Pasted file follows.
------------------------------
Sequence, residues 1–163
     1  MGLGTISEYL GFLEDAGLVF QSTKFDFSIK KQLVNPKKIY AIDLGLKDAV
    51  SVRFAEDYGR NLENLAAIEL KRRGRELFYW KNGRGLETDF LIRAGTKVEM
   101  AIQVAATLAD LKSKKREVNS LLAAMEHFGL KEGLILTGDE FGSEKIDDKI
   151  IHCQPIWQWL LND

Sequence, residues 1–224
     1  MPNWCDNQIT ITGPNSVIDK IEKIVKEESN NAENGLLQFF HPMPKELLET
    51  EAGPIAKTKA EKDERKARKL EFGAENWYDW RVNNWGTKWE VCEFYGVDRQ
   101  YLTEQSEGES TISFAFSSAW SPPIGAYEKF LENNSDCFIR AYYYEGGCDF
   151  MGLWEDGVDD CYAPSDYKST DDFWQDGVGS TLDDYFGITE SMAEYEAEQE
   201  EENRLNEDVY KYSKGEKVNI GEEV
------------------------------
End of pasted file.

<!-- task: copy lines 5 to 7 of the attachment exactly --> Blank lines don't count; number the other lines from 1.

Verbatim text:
   151  IHCQPIWQWL LND

Sequence, residues 1–224
     1  MPNWCDNQIT ITGPNSVIDK IEKIVKEESN NAENGLLQFF HPMPKELLET